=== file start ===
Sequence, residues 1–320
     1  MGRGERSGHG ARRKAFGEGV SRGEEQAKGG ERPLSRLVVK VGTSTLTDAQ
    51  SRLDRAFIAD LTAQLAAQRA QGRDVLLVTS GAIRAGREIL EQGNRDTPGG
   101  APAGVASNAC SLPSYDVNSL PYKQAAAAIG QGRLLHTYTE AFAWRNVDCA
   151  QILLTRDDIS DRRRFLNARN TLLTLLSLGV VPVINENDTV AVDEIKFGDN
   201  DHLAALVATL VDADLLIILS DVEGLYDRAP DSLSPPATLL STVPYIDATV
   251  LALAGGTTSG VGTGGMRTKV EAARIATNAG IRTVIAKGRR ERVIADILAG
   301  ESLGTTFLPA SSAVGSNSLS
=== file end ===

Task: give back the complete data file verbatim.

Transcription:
Sequence, residues 1–320
     1  MGRGERSGHG ARRKAFGEGV SRGEEQAKGG ERPLSRLVVK VGTSTLTDAQ
    51  SRLDRAFIAD LTAQLAAQRA QGRDVLLVTS GAIRAGREIL EQGNRDTPGG
   101  APAGVASNAC SLPSYDVNSL PYKQAAAAIG QGRLLHTYTE AFAWRNVDCA
   151  QILLTRDDIS DRRRFLNARN TLLTLLSLGV VPVINENDTV AVDEIKFGDN
   201  DHLAALVATL VDADLLIILS DVEGLYDRAP DSLSPPATLL STVPYIDATV
   251  LALAGGTTSG VGTGGMRTKV EAARIATNAG IRTVIAKGRR ERVIADILAG
   301  ESLGTTFLPA SSAVGSNSLS